If you follow me on Instagram you may remember the bar cart that I designed and built for season 8 of The Builders Challenge. Well, today is the day that I finally share build plans for this DIY bar cart! It was a fairly simple build so it would be a good project for a beginner woodworker. There are endless options when it comes to finishing this cart but I went with a mix of marble tile, rose gold accents and white paint. It’s such a beautiful piece of furniture! I really enjoyed building this piece and I hope that you will too.
How To Make a DIY Bar Cart
DIY Bart Cart Dimensions
The dimensions of this bar cart are 38″ wide x 17-1/2″ deep and 36″ tall. Below is a schematic of how the different parts go together. Keep scrolling to access the free printable pdf build plans that walk through each step in the build process and cut list.
Ok, let’s move on to what you’ll need to complete this build…
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QTY 2 – 2×2 x 96″ boards
QTY 2 – 1×4 x 96″ board
QTY 2 – 1×8 x 96″ board
QTY 3 – 1/2″ x 48″ dowel
QTY 72 –1 – 1/4″ Pocket screws
QTY 12 – 2″ Brad nails
QTY 2 – casters
Spray Paint – flat black Primer
Spray Paint copper rose
Sand paper (120 grit and 220 grit)
DIY Bar Cart Build Plans
If you would like to download free printable pdf plans to make this DIY bar cart, enter your information below!
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This bar cart design will require 2×2’s, 1×4’s, 1×8’s and 1/2″ dowels.
Step 1 – Cut angles and drill holes in legs
Cut a 45 degree angle as shown below on ALL FOUR of the 36″ 2×2 legs.
Mark centerlines and drill 1/2″ diameter holes that are a little more than 1/4″ deep on the face of TWO legs as shown below.
Mark the centerlines and drill 1/2″ diameter holes that are a little more than 1/4″ deep on ONE 36″ leg as shown below.
On the ONE remaining leg mark centerlines and drill 1/2″ diameter holes that are a little more than 1/4″ deep as shown below.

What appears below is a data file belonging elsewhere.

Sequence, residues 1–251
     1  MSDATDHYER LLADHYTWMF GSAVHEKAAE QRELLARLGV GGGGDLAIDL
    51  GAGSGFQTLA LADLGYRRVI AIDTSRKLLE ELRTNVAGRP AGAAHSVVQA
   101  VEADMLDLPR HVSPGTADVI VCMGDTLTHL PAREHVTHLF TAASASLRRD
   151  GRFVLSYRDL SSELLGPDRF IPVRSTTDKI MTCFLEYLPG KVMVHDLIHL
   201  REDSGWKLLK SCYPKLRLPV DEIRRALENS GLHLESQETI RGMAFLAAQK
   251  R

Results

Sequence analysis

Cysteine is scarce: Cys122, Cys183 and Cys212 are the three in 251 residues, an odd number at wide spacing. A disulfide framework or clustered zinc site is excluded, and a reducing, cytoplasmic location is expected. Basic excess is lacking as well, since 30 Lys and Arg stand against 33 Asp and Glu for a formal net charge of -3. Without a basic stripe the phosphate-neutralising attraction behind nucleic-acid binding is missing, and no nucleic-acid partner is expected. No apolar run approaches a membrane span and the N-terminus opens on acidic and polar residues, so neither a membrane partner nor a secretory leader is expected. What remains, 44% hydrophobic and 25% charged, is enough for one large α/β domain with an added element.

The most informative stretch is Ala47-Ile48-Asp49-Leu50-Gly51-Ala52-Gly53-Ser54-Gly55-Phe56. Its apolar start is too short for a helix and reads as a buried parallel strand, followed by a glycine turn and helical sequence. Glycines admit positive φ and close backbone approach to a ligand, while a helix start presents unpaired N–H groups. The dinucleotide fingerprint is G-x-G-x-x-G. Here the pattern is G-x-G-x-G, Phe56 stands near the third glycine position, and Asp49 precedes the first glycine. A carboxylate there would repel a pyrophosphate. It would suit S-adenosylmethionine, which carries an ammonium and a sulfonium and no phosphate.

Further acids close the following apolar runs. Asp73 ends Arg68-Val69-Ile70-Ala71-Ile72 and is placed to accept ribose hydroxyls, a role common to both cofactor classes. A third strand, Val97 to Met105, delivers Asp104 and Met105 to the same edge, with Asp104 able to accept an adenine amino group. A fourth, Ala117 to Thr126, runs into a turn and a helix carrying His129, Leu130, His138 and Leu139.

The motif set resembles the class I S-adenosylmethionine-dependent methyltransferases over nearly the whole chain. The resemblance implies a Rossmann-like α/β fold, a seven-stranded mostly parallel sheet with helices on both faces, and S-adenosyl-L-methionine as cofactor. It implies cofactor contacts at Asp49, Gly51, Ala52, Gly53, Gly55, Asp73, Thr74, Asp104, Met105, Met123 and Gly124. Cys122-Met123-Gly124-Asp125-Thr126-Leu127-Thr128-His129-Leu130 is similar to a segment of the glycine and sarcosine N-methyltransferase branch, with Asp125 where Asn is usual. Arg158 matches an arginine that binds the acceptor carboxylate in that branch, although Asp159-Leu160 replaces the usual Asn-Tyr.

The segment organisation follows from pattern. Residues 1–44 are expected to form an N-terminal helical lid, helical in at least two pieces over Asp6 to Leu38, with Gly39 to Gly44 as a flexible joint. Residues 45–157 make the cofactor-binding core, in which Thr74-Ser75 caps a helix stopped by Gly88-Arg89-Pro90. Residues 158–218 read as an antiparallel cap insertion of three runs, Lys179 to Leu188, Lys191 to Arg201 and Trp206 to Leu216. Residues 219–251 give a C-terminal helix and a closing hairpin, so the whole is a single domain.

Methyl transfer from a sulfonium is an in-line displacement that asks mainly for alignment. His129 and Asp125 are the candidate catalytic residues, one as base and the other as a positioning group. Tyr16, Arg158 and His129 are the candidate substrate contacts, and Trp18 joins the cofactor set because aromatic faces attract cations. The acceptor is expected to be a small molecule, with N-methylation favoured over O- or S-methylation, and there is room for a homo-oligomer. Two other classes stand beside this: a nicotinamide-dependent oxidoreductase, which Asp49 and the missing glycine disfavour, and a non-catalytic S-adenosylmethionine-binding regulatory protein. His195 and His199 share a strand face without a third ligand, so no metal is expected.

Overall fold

Step 2 – Trim 2 legs to account for caster height
Trim the length on the first two legs that you drilled the holes in to accommodate the height of the casters. Measure the height of your casters and determine how much should be trimmed.
Step 3 – Make the handle
Cut a 45 degree angle on each end of both of the 17-1/2″ 2×2 boards as shown below.
One one of the 5-1/2″ 2×2 boards, cut two 45 degree angles as shown below. There are two views of this part to show more detail.
On the remaining 5-1/2″ 2×2 board, cut two 45 degree angles as shown below. There are two views of this part as well to show more detail.
Using wood glue and brad nails, attach the 17-1/2″ piece to the two 5-1/2″ pieces as shown below. There are 2 views for more clarity.
Step 4 – Add pocket holes to 1×4’s
Drill 4 pocket holes into each of the four 14-1/2″ 1×4 boards as shown below.
Step 5 – Assemble the first side of the bar cart
To assemble the first side of the cart, align all pieces as shown below. Note where the pre-drilled holes should be positioned to align the dowels properly.
Apply wood glue in the 1/2″ diameter drilled holes and push the 15″ dowels in. They should be inset roughly 1/4″ deep.
Use wood glue and pocket screws to attach the 1×4 shelf sides to the left leg as shown below. Be sure to align the 1×4 so that it is flush with the top of the 2×2 as shown.